on June 5, 2008 to begin a systematic sampling of mothers milk produced
by humans and other mammals living within 50 miles of the Indian Point
Nuclear Power Station in Buchanan, New York.
Indian Point's owner and the New York
State Department of Health stopped sampling cow's milk near Indian
Point in 1991 and have never tested human breast milk.
The project is an unpredecented campaign
to create a database of findings of the potential presence of radioisotopes
in milk of mammalians, including humans, near the nuclear power plant.
Indian Point, in common with all nuclear
power plants, is designed to routinely release fission products into
the air. These include strontium-90, which has a half-life of 30 years
and remains biologically active for 600 years. Strontium-90 mimics
calcium in its chemical composition and is readily taken up by bone
cells and teeth, where it continuously emits pulses of energy which
disrupt the functions of nearby cells. Strontium-90 exposure is linked
to bone cancer, leukemia, diseases of the immune system and cancer
of soft tissue including breast and lung. Strontium-90 is only one
of more than 100 radioisotopes routinely released by Indian Point.
All are carcinogens and all.are most harmful to young children and
We encourage breastfeeding mothers
to participate in this program by donating a cup of their breast milk
monthly. Each sample will be divided into four parts: one for the
New York State Department of Health, one for Entergy, Indian Point's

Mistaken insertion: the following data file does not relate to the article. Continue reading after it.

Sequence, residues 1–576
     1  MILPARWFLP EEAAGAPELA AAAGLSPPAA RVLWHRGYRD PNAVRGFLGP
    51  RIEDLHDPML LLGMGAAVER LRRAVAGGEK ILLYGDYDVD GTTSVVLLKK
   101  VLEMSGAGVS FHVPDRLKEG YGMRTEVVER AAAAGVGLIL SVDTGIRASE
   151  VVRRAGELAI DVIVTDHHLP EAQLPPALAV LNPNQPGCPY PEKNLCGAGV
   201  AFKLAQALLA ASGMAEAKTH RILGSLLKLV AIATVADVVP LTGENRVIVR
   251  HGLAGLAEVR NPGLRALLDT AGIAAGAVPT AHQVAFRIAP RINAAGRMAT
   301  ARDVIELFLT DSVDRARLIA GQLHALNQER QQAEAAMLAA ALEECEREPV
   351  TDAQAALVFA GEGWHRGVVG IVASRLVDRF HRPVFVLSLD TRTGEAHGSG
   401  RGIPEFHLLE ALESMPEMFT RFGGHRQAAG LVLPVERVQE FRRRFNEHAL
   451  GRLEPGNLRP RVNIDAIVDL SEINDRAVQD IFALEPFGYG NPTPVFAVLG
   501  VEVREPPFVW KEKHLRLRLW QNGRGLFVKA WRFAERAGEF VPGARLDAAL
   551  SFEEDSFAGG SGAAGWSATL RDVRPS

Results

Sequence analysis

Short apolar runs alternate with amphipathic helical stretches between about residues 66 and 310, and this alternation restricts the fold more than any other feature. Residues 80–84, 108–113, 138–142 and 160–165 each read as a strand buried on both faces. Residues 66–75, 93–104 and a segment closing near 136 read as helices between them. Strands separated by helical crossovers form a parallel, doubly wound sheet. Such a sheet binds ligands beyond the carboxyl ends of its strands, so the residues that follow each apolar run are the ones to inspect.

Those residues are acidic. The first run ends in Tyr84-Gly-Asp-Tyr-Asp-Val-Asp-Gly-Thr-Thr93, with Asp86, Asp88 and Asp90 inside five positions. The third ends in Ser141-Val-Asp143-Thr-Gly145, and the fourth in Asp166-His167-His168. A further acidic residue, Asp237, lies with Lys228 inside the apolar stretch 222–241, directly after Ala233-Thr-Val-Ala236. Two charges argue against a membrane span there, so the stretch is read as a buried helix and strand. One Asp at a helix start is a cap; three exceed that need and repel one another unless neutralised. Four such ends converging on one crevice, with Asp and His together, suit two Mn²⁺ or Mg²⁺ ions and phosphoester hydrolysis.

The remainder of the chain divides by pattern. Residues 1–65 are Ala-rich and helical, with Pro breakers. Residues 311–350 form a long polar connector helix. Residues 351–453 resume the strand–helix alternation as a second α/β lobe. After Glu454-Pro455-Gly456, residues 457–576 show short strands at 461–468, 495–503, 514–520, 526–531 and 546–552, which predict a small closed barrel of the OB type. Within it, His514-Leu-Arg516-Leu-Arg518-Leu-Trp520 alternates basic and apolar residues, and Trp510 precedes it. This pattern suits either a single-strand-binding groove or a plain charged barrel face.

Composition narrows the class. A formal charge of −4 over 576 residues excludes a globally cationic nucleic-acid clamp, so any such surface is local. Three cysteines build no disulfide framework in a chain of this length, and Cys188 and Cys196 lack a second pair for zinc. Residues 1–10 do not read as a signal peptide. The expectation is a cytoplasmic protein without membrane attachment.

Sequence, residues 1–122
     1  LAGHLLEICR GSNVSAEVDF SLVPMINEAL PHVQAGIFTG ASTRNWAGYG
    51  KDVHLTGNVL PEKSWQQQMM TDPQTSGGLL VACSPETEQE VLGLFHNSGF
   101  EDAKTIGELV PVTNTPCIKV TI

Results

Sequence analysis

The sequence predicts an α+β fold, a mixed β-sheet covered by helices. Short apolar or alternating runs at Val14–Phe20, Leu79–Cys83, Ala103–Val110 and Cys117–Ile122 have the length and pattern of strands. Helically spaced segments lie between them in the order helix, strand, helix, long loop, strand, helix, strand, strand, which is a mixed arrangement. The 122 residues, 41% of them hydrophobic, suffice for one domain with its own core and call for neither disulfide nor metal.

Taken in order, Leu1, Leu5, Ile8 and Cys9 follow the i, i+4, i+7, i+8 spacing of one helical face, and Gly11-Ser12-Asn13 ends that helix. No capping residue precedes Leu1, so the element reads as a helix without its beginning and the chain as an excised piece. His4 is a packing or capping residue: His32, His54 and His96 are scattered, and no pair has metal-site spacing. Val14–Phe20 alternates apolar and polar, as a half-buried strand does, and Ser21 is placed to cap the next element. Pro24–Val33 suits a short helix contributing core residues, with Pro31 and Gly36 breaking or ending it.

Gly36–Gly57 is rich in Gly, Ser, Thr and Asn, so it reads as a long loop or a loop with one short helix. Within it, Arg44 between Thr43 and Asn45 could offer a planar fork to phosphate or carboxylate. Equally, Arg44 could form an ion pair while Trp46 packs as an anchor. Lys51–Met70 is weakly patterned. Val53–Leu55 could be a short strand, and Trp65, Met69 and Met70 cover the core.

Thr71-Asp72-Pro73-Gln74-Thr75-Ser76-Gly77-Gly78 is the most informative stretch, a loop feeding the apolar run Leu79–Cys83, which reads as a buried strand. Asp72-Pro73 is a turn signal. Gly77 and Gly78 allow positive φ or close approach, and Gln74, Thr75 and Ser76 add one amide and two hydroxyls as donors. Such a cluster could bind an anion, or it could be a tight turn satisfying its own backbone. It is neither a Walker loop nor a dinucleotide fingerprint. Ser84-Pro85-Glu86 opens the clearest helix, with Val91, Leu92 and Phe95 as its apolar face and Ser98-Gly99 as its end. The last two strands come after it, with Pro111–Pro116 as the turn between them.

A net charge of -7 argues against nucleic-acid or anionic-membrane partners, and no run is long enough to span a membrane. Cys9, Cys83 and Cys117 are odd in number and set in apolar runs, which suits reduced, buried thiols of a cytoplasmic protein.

owner, one for the project's independent laboratory, and one to be
retained by the project. There is no cost and all samples will be
taken confidentially with results anonymous.
The Mothers Milk Project will also include dairy cow and goat milk
samplings. Other mammals may be included as well.
The Mothers Milk Project is designed to inform the community about
a known hazard - radiation - which is insidious because it cannot
be seen, tasted, smelled or detected except with sophisticated equipment
and which is biologically harmful at any degree of exposure.
Please return to this website for future updates.
To donate milk to the Mothers
Milk Project, email us! DONATE@mothersmilkproject.org
songwriter Pete Seeger joined Mothers Milk Project leaders as they
accepted a donation of mother's milk at the Strawberry Festival in
Beacon, New York on June 15, 2008
Deo and Theo, 3-week-old babies of Mothers Milk Project participant
Note to Breastfeeding Moms: Bring us a sample of your milk!
The Hawk Watch Festival and Green Bazaar takes place Saturday September
19 and Sunday September 20 from 11 a.m. to 5 p.m. at Audubon Greenwich,
613 Riversville Road. $10 for adults 18 and older, $7 for youth
3 and older, and free for under 3. 203-869-5272, www.greenwich.audubon.org.